For anyone concerned about strengthening America’s long-term leadership in science and technology, the nation’s schools are an obvious place to start. But brace yourself for what you’ll find. The depressing reality is that when it comes to educating the next generation in these subjects, America is no longer a world contender. In fact, U.S. students have fallen far behind their competitors in much of Western Europe and in advanced Asian nations like Japan and South Korea.
This trend has disturbing implications not just for the future of American technological leadership but for the broader economy. Already, “we have developed a shortage of highly skilled workers and a surplus of lesser-skilled workers,” warned Federal Reserve Board Chairman Alan Greenspan in a March 12 address at Boston College. And the problem is worsening. “[We’re] graduating too few skilled workers to address the apparent imbalance between the supply of such workers and the burgeoning demand for them,” Greenspan added.
As a result, “the future strength of the U.S. science and engineering workforce is imperiled,” the National Science Board warned in a sweeping report issued last year.
– from “America’s Failure in Science Education
William Harris spent most of his career in the U.S. teaching chemistry or working at the National Science Foundation, where he was responsible for doling out $750 million a year in federal grants. But three years ago, Harris, now 59, moved to Ireland, the land of his forebears, to help turn it into a technology power.
He became director general of Science Foundation Ireland (SFI), which since its founding in 2000 has attracted dozens of internationally renowned scholars from the U.S., Britain, Germany, and Russia. The newcomers get labs, promises of fast response to requests for assistance, and, most important, money for research into cutting-edge areas such as nanotechnology. SFI has $1 billion to play with — an enormous resource for a country of just 4 million people.
FERTILE CULTURES. The intent is to emulate America’s success as a worldwide technology leader — a transformation that not just Ireland but China, South Korea, India, and Israel, among others, intend to replicate. As these countries make their run for glory, they could eat into America’s dominance, experts say. “The U.S. has more aggressive competition than it has had in the past decade or so,” notes Erich Bloch, a principal at Washington Advisory Group, management consultancy in Washington, D.C.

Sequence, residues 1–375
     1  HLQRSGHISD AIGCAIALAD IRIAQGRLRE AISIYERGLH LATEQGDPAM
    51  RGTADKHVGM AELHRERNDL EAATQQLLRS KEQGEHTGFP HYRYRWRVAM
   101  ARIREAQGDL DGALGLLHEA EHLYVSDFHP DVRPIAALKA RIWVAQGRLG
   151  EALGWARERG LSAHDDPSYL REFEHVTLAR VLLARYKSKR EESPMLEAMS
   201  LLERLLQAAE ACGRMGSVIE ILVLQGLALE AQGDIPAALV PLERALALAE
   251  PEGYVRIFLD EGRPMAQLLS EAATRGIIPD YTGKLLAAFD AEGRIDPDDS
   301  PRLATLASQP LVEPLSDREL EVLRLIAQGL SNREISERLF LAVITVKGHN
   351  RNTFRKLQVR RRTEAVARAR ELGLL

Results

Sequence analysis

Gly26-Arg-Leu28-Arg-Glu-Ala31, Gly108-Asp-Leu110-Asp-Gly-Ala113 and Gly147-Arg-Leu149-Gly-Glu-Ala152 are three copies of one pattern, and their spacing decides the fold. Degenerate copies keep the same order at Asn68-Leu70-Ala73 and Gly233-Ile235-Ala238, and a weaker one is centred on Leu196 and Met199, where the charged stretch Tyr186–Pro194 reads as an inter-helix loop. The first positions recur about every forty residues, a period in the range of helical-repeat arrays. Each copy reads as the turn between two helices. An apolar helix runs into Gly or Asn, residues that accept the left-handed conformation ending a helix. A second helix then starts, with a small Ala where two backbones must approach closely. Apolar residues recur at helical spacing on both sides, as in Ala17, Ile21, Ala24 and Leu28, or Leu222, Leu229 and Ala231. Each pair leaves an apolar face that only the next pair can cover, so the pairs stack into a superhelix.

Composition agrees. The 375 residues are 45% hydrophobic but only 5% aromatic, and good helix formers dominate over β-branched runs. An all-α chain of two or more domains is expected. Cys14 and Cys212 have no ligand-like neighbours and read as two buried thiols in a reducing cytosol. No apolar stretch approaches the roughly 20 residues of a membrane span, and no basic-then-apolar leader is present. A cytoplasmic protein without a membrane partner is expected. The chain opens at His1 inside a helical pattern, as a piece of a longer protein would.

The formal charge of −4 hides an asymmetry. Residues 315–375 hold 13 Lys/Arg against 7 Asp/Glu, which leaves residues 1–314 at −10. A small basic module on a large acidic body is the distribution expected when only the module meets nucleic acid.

Already, the European Union has outstripped the U.S. in the number of scientific papers it publishes in major journals every year. That’s a key barometer of a region’s reputation in the scientific world, says R.D. Shelton, president of technology assessment for the nonprofit World Technology Evaluation Center in Baltimore. And the international pressure will only grow as other governments support their domestic companies with ambitions in telecommunications, semiconductors, and nanotechnology, among other initiatives.
– from Challengers to America’s Science Crown
Though the articles note (and the interview with White House Office of Science and Technology Policy Director John Marburger also mentions) that information technology R&D has been a focus of US federal R&D efforts, it’s also worth pointing out that the Bush Administration request for IT R&D in FY 2005 is for a reduction of 1 percent in spending vs. FY 2004. And that level is still $685 million below the funding level recommended by the President’s Information Technology Advisory Committee way back in 1999.
Here’s more detail from CRA’s Computing Research News Online.